Federal Disability Retirement Lawyer: The Wear of Medical Conditions

Some words have constrained, limiting and restricted meanings, available only in esoteric whispers of academic thunderings; others, of common and every day usage, but through monotony of repetition and sheer ordinariness, loses any luster of royal patronage; and yet others, because of the expansive and varied contextual applications, can be applicable afresh, when needs require service of exposure.

One can “wear” clothing; “wear” glasses or a smile; or pass the time tediously, as in, “The minutes wore onward with a tired sense of sadness”.  The word applies also when a person or object begins to diminish, to fatigue, or to slowly fade.  Medical conditions tend to do that, like worn furniture in a house dilapidated by time, where the tiredness of untempered souls and toils of life’s encounters begin to tear at the timeless tokens of tapestries, and one begins to give in to fatefulness.

For Federal employees and U.S. Postal workers who wear the face of normalcy, but who must contend not only with an underlying medical condition, as well as the hostility of a workplace and a world which grants no empathy, filing for Federal Disability Retirement benefits through the U.S. Office of Personnel Management is often seen as a surrender of sorts, a wearing of the proverbial white flag, and an admission and acknowledgment that time has worn the welcome of a bright future.

The wear of medical conditions indeed warrants a respite from the world of turmoil, and a more positive outlook is to simply grant the world its due, and instead to realize that filing for Federal Disability Retirement benefits is merely to access an employment benefit which is merely part of the larger employment compensation package signed on to at the beginning of one’s Federal or Postal career, and in accessing the benefit, as nothing more than to assert what is available.

To contend with the wear of a medical condition is a weary challenge; to wear one’s welcome is to withstand unnecessarily.  Wisdom is to recognize one’s time and to wear the wisdom of time when welcomes wither.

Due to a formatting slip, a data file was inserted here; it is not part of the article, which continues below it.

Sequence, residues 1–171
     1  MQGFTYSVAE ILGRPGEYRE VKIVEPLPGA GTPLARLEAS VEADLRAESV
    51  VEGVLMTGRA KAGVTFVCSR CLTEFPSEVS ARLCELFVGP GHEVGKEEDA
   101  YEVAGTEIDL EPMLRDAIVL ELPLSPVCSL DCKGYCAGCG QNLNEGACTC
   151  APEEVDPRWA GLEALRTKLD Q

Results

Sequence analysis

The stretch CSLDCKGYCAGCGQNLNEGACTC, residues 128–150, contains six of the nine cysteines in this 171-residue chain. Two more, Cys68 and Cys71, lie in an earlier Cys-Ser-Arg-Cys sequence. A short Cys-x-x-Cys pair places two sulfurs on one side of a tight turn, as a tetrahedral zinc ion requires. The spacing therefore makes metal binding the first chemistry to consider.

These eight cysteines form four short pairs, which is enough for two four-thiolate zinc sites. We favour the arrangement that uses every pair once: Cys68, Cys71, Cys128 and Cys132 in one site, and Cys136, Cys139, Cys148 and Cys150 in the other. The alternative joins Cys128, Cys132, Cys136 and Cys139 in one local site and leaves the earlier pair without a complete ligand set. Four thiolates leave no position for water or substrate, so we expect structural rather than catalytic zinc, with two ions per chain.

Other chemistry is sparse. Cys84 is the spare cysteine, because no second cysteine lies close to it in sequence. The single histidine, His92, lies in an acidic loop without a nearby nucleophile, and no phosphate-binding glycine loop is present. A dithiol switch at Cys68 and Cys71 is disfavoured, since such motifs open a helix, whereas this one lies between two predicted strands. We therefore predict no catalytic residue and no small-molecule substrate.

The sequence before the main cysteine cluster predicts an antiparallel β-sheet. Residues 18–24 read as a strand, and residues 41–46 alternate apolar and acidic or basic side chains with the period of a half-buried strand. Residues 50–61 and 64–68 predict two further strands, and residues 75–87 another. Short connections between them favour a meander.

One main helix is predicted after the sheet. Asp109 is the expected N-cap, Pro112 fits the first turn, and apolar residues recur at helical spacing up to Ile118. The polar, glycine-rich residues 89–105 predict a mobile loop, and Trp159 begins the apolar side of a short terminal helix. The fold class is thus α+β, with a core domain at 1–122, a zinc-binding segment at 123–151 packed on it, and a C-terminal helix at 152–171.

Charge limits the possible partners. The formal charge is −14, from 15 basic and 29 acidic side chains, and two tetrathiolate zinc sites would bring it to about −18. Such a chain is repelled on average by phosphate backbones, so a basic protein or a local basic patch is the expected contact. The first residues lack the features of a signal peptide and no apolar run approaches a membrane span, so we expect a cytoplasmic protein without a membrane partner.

Sincerely,

Robert R. McGill, Esquire

Medical Retirement from the USPS and Other Government Agencies: Construction

Meaning and value are attached to building, and watching the construction of end-products resulting from an assembly-line of incremental, almost imperceptible progression of composite aggregations of artistry.  To build, and to witness the progress of effort expended, is to reveal advancement and accomplishment; and so the evidence of our cleverness is determined by the accumulation of that stuff which represents and constitutes a lifetime of endeavors.

We add children to our family, and watch them grow; we are satisfied when bank accounts enlarge; puppies become dogs; houses are built; office spaces are rearranged and furnished; the empty space is filled.  We witness the building of things, and it is the completion of that which we construct that provides for satisfaction and value upon the end product, before we go on to the next, and the next.

But what of human value?  Is the pinnacle death, or some intermediate vortex where the progression on a graph reaches an apex, then trends downward towards a demise?  Can we analogize the construction of an inert object and extrapolate an anthropomorphic value in comparison with a person’s life? Medical conditions and their interruptive characteristics have a tendency to suddenly bring questions encapsulating value, meaning and futility to the fore.  One can spend a lifetime building, only to watch the fruits of such labor become diminished, or destroyed, through the intervening unexpectedness of a medical condition.

Filing for Federal Disability Retirement benefits by the Federal employee or the U.S. Postal worker is often viewed as a stop-gap measure which fends off the tides of change. Change is unfortunately an inevitability of life.   For the Federal and Postal worker who has spent a lifetime building for the Federal Sector, who suddenly finds that a medical condition prevents him or her from performing all of the essential elements of one’s job, and must therefore face (a) resignation, (b) termination, or (c) the alternative option — whatever that may be; it is the last of the three options which possesses the potential for future construction.

Federal OPM Disability Retirement is the option available for all Federal and Postal workers who meet the minimum time and age criteria, in the effort to stem the downward spiral of a dismantling effect upon a lifetime of value, meaning, and teleological progression of building and construction.

Sincerely,

Robert R. McGill, Esquire